From Dear Kitty ModBlog Google cache:
Date: 6/20/05 at 11:44PM
Mood: Thinking Playing: Chirpy chirpy cheep cheep, by The Middle of the Road
From The Scotsman:
Mon 20 Jun 2005
Crickets provide hearing aid in fight to help deaf
SUPER-SENSITIVE sound detectors based on the method used by crickets to spot predators have been created in a laboratory to help develop new implants for deaf people.
The sensors will also have a range of other research applications, such as measuring air flows over aircraft.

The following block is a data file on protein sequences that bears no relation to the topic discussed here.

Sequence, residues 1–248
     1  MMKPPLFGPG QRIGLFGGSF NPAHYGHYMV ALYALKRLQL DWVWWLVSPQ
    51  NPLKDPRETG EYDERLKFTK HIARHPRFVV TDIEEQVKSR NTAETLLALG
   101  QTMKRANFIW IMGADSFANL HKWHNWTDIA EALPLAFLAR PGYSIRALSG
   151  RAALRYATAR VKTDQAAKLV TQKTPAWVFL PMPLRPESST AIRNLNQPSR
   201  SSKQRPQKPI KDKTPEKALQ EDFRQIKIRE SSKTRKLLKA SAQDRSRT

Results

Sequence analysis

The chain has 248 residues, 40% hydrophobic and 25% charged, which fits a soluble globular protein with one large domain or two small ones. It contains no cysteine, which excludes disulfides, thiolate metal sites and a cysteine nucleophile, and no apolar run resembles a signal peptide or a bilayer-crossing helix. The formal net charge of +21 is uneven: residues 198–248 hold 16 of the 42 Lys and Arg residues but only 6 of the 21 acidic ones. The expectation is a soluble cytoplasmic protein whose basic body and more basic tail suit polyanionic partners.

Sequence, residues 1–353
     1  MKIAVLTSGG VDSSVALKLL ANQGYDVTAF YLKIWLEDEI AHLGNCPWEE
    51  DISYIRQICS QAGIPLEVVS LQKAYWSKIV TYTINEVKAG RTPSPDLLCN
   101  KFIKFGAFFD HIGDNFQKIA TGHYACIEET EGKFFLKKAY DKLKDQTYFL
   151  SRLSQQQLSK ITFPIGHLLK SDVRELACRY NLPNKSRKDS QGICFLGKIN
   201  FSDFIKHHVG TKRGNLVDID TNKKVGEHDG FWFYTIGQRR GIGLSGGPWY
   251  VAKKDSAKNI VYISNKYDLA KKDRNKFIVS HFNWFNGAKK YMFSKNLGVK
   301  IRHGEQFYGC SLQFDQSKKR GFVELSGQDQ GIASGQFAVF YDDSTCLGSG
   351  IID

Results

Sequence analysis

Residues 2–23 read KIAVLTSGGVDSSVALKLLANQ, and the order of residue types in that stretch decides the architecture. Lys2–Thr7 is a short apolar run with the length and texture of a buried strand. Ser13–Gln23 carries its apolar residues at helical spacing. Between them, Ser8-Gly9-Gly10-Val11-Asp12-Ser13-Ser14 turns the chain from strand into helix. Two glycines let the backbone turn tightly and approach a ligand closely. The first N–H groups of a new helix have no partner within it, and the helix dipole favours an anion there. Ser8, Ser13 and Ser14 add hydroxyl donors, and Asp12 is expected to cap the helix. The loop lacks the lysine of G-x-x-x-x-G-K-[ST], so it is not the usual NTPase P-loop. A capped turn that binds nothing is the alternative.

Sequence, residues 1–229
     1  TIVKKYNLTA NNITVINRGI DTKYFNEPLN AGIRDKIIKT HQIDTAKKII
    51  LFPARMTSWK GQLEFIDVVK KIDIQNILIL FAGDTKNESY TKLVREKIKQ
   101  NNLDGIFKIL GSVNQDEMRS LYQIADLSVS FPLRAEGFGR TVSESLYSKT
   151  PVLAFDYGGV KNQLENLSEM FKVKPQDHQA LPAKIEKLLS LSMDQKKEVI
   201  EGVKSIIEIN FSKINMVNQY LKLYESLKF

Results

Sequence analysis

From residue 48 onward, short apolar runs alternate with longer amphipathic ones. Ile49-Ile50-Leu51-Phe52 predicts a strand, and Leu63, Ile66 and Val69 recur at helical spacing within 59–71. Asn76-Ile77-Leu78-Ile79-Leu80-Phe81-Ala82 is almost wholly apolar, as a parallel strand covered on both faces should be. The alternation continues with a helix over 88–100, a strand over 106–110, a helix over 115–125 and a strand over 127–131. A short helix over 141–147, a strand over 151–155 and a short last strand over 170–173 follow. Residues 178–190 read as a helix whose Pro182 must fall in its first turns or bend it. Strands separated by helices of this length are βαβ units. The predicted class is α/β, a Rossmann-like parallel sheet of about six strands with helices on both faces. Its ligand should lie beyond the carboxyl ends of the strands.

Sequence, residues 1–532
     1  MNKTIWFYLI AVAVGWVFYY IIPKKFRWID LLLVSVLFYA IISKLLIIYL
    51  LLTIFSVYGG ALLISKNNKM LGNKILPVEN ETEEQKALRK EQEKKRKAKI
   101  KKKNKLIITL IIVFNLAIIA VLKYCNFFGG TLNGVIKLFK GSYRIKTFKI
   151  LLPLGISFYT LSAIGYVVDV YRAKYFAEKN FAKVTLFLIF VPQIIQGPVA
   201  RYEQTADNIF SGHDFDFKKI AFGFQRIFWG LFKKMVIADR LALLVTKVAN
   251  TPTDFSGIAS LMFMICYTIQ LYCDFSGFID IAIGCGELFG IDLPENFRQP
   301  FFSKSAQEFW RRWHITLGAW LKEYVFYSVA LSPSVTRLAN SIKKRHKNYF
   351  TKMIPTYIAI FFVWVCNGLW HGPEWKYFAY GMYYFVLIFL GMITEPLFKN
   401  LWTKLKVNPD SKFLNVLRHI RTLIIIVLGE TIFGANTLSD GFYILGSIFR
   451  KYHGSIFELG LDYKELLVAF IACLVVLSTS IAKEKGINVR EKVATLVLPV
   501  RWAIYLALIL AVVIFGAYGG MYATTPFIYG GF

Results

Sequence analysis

Crickets spend most of their lives on the ground, making them vulnerable to predators such as wasps and spiders.
Species like the wood cricket have developed a pair of hairy appendages on their abdomens called cerci which can detect the smallest fluctuations in air currents, enabling them to escape from attacking predators.
Physicists at the University of Twente in the Netherlands built their own version of the system with up to a few hundred artificial hairs.
The fine plastic hairs are attached to membranes with built-in electrodes and capacitors.
The scientists hope that the structures might lead to more sophisticated and efficient ear implants.
Cave crickets in the USA: here.
Katydid grasshopper sounds: here.
Post oak grasshoppers: here.